The Shipping Issue
The Burden of Proof
How to Meet the Burden of Proof
At an early stage in risk assessment and audits, fiscals are requiring taxpayers to produce evidence to support their transfer pricing position. Country-by-Country reporting Master file and Local files, as well as required local related party dealings schedules and transfer pricing (TP) documentation, give tax administrations early insights into the evidence supporting a transaction. TP documentation - as well as the facts on which it relies - can demonstrate that the pricing policies and practices meet TP regulations. Board minutes, emails, meeting notes, commercial analysis and other documentation shouldn’t be ignored. Supporting contemporaneous evidence and documentation should therefore be captured using a wide net.
Witness testimony from taxpayers’ key decision-makers in the transaction can also serve as compelling evidence, as seen in Glencore’s success in other aspects of its case, as well as in the SNF and Roche transfer pricing cases.
These key decision-makers are usually the directors and senior management responsible for the relevant transaction or arrangement. These personnel can provide the court with insight into the commercial context and intention of the taxpayer’s pricing, which may not be apparent from the corporate documents. They can provide details regarding other options that were considered and dismissed, and can clarify other evidence. Board minutes, for example, are useful, but could fail to appropriately articulate and provide crucial context for the commercial objectives of the arrangement.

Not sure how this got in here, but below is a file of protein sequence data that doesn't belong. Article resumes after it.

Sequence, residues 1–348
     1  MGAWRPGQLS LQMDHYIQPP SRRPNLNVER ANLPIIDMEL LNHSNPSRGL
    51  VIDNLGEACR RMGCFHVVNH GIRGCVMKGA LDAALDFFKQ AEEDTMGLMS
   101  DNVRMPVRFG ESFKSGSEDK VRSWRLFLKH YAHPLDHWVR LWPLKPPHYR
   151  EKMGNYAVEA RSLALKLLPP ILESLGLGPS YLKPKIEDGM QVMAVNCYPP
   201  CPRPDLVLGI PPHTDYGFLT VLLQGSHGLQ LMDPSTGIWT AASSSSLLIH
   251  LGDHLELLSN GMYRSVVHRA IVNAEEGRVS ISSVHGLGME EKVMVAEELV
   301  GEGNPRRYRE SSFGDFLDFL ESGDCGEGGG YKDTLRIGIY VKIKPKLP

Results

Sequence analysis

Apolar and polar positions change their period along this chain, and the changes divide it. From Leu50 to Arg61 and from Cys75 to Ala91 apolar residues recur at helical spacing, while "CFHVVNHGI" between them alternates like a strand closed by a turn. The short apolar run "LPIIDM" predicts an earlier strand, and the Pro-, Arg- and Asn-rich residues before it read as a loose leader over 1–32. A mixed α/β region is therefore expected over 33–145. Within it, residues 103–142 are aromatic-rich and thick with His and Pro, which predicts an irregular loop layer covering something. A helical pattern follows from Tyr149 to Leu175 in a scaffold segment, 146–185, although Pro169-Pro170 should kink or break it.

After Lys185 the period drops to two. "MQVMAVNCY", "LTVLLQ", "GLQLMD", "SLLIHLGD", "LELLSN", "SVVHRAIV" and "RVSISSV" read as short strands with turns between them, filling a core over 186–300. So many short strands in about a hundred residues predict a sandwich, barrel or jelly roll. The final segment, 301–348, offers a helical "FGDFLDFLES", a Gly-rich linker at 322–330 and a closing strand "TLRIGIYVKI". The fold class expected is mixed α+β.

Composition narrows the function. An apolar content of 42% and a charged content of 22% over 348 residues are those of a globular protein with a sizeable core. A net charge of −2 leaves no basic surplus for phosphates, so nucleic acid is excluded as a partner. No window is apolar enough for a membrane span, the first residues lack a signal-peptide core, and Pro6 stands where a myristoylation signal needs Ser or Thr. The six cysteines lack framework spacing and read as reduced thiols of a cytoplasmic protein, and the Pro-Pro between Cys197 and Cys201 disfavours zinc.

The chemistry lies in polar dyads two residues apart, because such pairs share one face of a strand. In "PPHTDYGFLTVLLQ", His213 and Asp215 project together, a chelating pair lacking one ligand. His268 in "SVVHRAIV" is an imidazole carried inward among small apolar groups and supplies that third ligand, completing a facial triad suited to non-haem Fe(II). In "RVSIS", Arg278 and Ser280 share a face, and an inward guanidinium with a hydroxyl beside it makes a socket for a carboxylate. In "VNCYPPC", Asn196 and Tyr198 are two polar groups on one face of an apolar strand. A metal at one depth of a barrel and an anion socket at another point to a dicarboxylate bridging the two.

Industry or transfer pricing experts may help establish what might have happened between third parties, but their testimony needs to be supported by directly relevant evidence, such as reliable comparables and TP methods or personal experience with similar transactions. It is also important to note that the Court does not serve as a third expert. it cannot resolve theoretical or other differences between competing experts, as the court generally doesn’t have the expertise to do so.
In a hearing, the court needs to be persuaded that your argument is more plausible based on the available evidence. An Australian civil court will then rule based on their view of the balance of probabilities.
Moussa, E., & Daly, M. (2017). "Three Things You Need to Know About the Burden of Proof," The Tax Institute. Retrieved from https://www.taxinstitute.com.au.
Commissioner of Taxation v Glencore Investment Pty Ltd (2020) FCAFC 187
Geoff Morris is an independent transfer pricing advisor with more than 20 years' experience analyzing, negotiating and resolving transfer pricing disputes. As Senior Director with the Australian Taxation Office’s Economist Practice from 2010-2020, he helped develop the ATO’s economic position on transfer pricing risk reviews, audits, advance pricing arrangements and supporting competent authority negotiations.
He can be contacted at: email@example.com
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